Posts Tagged ‘SXSW’

“What can you do when you’re absolutely nowhere but feel like you are full of magic and ideas?”
Filmmaker Mark Duplass

“There’s one thing that keeps coming up to me over and over in my career–this very simple phrase—and I’m going to take a note from motivational speaker Tony Robbins for a second—and were going to have something to really focus in on and that is the simple words,  ‘The cavalry isn’t coming.’ And I’m looking around like Tony, and let it sit. Then Tony repeats it, ‘The cavalry is not coming.’ And I say this because we’ve all heard that amazing tale abut this 21-year-old kid who had a script and his cousin worked in the mail room at Warner Brothers and he gave it to him and the script got up to the head of Warner Brothers they loved it and bought it for a million dollars and got it made. That’s an exciting story, but a super dangerous one, because I don’t know anyone who that’s happened to —maybe that’s happened once—but I had a very different career trajectory.”
Producer/Director/Actor Mark Duplass (The Puffy Chair, The Mindy Project)
2015 SXSW Keynote talk

Somewhere between starting out as a filmmaker with little assets and selling the golden goose screenplay, Mark Duplass offered these points from his 2015 South by Southwest talk:

1) The $3 Film—One scene, two actors, five minutes in length. Aim for comedic because  film festivals are looking for humorous short-shorts. Shoot it on whatever camera you can get your hands on—including an iPhone. Don’t just make one, make one ever weekend. Don’t worry if the first ones suck, you’ll get better and find your voice.

Note: Mark and his brother Jay made the short This is John in one 20-minute take that they edited down to 7 minutes. The little experiment was the first film they made that was accepted into the Sundance Film Festival.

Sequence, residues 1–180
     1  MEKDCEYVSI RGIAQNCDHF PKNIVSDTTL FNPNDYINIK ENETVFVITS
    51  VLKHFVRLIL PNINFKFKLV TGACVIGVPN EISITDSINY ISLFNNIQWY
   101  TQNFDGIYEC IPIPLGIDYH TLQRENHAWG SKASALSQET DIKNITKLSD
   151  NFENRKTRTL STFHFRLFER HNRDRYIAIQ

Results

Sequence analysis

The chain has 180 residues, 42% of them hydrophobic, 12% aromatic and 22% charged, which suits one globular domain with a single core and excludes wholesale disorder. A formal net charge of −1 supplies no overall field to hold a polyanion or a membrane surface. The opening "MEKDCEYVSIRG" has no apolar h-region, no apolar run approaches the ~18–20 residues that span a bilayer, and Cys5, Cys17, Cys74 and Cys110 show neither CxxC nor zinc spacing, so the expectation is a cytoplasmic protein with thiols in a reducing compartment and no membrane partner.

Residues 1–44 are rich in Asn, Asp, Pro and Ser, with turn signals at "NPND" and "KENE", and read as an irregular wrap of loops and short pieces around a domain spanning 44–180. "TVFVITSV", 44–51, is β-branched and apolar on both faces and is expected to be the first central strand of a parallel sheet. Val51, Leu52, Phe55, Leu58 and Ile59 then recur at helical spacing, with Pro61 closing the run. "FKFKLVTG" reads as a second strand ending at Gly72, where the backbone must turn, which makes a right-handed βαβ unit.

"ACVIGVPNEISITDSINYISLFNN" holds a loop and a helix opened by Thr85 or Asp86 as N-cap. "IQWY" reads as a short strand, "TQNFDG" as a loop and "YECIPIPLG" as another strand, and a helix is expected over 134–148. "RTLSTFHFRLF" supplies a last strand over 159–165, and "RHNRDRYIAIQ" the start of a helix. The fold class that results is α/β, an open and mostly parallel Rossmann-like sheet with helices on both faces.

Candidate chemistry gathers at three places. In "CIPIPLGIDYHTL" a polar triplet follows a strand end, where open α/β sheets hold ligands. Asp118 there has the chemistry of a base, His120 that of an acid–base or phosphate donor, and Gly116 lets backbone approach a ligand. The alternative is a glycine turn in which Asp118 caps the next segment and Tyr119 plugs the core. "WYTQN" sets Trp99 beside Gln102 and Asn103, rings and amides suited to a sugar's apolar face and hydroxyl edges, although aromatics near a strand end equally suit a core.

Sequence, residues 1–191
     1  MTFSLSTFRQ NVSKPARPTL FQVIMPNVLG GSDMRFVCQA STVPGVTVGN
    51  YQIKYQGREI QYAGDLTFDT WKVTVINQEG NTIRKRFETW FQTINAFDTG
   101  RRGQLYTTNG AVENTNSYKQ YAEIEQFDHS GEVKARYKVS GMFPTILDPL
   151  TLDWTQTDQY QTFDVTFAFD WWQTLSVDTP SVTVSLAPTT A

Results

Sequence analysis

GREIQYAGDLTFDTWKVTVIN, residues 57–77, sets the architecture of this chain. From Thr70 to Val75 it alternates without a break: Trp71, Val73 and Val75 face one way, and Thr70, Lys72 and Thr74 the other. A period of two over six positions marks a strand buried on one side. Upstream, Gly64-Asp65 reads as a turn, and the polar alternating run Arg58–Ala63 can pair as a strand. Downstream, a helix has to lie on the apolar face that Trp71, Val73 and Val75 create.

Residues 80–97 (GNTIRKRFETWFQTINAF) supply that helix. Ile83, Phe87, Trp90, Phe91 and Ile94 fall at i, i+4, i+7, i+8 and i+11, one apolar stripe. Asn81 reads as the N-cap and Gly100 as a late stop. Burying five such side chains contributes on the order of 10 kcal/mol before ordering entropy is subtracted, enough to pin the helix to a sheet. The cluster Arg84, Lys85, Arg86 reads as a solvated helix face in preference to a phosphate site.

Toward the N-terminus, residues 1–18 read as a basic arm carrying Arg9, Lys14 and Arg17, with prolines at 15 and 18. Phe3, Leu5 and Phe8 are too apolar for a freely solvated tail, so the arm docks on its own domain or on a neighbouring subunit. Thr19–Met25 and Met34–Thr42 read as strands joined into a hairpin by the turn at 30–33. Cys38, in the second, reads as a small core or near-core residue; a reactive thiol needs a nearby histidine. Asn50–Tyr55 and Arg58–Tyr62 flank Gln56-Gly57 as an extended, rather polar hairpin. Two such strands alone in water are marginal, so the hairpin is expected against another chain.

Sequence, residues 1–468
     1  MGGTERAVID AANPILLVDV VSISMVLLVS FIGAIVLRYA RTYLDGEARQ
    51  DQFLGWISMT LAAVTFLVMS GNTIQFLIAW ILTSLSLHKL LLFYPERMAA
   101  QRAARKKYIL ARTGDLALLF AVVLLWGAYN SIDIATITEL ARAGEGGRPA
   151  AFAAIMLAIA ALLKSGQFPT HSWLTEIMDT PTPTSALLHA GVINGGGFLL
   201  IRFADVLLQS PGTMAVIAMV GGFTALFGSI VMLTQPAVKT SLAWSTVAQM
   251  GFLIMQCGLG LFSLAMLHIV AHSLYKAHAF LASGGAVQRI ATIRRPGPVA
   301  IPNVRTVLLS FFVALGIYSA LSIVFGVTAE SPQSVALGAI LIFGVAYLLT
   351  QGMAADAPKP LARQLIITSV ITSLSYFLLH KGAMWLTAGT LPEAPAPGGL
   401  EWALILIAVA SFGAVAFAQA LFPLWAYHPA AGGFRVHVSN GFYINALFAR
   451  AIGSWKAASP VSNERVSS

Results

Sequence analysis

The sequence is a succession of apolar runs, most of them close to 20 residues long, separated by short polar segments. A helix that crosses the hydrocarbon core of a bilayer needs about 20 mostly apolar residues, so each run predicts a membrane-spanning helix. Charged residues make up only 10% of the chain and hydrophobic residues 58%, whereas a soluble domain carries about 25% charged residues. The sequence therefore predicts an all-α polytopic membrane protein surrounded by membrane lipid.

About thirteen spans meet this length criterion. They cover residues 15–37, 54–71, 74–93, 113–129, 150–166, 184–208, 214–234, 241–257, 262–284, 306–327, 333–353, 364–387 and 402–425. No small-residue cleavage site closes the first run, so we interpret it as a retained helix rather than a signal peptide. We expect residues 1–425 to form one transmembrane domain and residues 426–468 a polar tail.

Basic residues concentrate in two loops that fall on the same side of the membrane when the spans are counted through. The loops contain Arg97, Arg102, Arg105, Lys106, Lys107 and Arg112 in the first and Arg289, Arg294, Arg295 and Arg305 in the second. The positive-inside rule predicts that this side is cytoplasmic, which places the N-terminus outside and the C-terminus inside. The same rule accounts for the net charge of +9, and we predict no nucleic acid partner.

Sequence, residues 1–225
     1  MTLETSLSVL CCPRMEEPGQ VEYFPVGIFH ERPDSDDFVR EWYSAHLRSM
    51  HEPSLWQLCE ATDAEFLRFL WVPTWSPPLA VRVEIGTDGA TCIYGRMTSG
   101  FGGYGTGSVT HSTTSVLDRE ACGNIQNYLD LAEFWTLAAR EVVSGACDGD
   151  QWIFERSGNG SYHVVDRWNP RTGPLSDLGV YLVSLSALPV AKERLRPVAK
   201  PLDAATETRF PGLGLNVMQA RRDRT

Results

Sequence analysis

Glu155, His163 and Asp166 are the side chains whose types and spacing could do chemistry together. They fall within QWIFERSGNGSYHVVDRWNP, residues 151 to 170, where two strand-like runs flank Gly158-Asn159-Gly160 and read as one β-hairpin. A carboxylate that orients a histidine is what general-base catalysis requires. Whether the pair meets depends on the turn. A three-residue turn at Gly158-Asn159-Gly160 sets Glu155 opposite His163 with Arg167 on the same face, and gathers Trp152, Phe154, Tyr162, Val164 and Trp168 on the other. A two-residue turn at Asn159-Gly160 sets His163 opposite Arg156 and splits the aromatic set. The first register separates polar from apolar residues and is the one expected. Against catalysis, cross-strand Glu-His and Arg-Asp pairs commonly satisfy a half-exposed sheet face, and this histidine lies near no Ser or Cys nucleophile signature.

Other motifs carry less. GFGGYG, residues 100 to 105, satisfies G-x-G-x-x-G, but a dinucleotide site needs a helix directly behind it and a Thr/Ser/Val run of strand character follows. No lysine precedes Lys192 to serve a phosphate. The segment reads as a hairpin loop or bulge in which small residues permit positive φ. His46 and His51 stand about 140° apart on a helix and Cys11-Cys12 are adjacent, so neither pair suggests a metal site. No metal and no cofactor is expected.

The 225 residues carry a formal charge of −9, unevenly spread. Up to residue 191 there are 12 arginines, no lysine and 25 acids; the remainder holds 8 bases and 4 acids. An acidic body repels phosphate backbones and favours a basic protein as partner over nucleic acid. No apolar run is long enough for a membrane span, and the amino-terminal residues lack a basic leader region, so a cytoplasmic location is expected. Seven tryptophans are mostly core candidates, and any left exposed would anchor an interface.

2) Once your short-short plays in some festivals and wins some awards an agent will approach you and tell you “The cavalry is coming”—but it’s not.

3) But you will have a handful of friends you’ve met along the way who will help you make a $1,000 feature film. (As in one thousand dollars.)  Between time at your day job, your 5-8 person crew put together a feature film that you may or may not have a script for using whatever’s available to use in your town. It takes you a year or two to finish this film but you get it into film festivals where you’ve made inroads with your short films.

A agent tells you the cavalry is coming—but it’s not.

4) You make another $1,000 film, but this time you have a rich but sad name TV actor who wants to do something creative with his talent and teams up with you because you are a rising indie filmmaker. You will sell this film to a video on demand (VOD) group for between $50,000-$100,000. You’ll finally pay your crew some money.

An agent will tell you “The cavalry is coming”—and they may be right if that means you will take meetings in Hollywood for the next year but nothing will come of it. You might even sell a TV pitch that will end up in turn around, which at least puts money in your pockets.